Chinese scientists have developed an industrial process to produce starch from carbon dioxide. If successfully scaled, it can free up farmland currently used to grow crops like corn and potatoes.
Starch is a substance that plants produce from carbon dioxide and sunlight to store energy through a complex metabolic process. It is widely used in the food industry. It also plays a role in papermaking, biofuel production and other applications.
A group of Chinese researchers have developed an 11-step process that cleanly synthesizes starch in a bioreactor. An article detailing their discovery was published in Science magazine on Friday.
“Starch could in the future be made from carbon dioxide in a process similar to brewing beer”, Ma Yanhe, one of the authors who heads the Tianjin Industrial Biology Institute (TIB), told Chinese media.
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The process involves an inorganic catalyst and three different types of modified enzymes, which convert carbon dioxide into amylose and amylopectin, the two types of glucose molecules in starch. The team said the resulting product had the same molecular structure as the natural variant.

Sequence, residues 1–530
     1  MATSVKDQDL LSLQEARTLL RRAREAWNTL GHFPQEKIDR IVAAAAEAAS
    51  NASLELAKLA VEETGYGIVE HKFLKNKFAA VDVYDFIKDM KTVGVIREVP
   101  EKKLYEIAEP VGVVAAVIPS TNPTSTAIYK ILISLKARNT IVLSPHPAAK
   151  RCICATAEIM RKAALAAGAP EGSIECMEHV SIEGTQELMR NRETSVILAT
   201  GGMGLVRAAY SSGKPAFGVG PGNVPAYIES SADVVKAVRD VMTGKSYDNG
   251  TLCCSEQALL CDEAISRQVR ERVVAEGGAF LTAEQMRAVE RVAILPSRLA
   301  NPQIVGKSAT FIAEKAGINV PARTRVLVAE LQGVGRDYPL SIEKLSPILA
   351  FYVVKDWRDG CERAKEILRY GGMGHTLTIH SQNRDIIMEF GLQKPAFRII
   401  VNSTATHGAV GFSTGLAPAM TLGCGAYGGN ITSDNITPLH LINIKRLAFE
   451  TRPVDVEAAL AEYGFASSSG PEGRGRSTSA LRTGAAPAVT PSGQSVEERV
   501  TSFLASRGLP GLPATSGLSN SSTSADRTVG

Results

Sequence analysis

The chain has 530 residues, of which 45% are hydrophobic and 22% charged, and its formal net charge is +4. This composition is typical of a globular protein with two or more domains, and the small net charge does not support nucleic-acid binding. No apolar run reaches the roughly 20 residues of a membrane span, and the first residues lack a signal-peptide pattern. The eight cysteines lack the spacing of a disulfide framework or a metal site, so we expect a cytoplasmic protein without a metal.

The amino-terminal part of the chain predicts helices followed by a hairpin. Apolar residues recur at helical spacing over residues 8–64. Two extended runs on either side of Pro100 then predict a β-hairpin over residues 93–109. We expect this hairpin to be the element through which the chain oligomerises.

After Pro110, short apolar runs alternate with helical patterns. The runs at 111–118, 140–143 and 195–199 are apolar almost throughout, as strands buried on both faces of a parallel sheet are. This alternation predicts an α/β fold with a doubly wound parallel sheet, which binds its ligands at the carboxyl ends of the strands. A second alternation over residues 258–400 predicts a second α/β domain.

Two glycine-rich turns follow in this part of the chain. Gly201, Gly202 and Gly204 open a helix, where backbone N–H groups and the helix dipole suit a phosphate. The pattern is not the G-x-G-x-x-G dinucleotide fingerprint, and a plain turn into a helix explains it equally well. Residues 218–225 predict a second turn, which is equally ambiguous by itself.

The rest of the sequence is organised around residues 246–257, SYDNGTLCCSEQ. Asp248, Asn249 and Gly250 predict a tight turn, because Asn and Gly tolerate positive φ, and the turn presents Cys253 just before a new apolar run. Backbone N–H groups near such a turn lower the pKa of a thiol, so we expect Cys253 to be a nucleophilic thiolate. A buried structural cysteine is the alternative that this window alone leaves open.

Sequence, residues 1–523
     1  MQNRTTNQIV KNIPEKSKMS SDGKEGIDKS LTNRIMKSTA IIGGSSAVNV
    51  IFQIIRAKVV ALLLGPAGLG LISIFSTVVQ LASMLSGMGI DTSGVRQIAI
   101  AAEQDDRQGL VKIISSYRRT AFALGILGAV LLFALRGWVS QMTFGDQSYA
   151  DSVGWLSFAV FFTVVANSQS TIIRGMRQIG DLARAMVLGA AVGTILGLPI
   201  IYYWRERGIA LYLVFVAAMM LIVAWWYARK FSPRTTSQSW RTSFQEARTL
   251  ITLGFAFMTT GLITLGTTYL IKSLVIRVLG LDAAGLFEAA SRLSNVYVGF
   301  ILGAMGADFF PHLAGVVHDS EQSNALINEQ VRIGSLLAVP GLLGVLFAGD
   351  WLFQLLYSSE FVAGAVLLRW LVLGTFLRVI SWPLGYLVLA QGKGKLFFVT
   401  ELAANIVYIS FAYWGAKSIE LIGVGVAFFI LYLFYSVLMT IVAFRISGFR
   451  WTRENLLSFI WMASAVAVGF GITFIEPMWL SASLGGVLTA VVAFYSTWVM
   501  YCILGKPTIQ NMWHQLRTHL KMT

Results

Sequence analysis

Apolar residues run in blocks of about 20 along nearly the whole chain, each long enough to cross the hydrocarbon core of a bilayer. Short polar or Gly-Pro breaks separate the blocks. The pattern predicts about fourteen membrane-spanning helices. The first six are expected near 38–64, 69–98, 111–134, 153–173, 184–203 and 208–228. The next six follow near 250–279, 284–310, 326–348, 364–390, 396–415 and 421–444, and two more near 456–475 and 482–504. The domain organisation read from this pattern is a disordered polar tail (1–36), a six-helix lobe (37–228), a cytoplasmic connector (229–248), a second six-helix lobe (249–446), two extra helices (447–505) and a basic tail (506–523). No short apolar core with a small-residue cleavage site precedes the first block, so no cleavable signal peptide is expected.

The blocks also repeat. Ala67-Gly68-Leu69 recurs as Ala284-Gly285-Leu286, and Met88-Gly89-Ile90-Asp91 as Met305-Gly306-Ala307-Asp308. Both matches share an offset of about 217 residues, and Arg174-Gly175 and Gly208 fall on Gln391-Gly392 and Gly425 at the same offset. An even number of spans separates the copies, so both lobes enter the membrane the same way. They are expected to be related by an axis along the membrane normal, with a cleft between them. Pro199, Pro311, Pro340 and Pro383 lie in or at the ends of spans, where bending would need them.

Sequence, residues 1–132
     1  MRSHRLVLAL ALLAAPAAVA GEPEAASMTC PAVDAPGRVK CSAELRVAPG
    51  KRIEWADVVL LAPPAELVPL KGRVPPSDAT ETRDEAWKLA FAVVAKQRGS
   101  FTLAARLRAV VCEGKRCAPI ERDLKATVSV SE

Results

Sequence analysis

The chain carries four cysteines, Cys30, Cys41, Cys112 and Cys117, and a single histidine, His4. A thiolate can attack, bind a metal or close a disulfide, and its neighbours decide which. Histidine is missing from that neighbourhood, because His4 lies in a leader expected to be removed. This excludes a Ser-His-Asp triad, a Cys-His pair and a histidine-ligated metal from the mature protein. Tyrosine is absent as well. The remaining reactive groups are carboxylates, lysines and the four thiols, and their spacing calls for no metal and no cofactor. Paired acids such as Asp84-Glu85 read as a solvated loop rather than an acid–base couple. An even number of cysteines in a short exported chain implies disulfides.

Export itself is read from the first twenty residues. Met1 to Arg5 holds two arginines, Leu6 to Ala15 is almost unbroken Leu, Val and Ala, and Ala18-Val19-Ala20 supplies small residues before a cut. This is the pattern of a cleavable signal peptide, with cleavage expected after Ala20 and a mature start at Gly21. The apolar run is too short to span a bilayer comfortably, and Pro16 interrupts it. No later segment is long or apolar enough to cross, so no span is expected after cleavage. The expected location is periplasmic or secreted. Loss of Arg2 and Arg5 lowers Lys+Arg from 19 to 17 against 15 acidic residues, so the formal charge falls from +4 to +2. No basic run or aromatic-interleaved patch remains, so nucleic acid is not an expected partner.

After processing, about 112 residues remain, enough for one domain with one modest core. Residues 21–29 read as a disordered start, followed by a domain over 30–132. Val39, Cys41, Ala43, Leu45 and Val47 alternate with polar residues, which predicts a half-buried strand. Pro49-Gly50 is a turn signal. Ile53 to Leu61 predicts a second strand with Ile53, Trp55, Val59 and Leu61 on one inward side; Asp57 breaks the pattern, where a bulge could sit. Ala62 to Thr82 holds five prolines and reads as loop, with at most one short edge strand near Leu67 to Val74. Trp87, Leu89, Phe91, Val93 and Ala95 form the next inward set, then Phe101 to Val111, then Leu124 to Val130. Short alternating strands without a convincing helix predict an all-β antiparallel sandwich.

On some metrics, the artificial process is more efficient than that found in nature. Scientists estimate that the conversion rate of carbon dioxide is about 8.5 times that of corn, one of the staple foods used to produce industrial starch. They say that a one cubic meter bioreactor running on their reactions could produce as much product as a 0.33 hectare corn field in their home country, if there was enough energy.
“The design of an artificial biological system to synthesize starch independently of plant photosynthesis is a major disruptive technology that will have a great impact on the world”, an expert from the Chinese Academy of Sciences told the Global Times.
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If the discovery can be scaled up and made profitable, starch synthesis operations could replace an important part of the agricultural industry. This would free up land, fresh water and other resources currently used in agriculture, reduce dependence on fertilizers and pesticides, and make supplies less dependent on the vagaries of the weather.
It would be very beneficial for things like biodiversity, environmental sustainability and food security, the researchers predicted.
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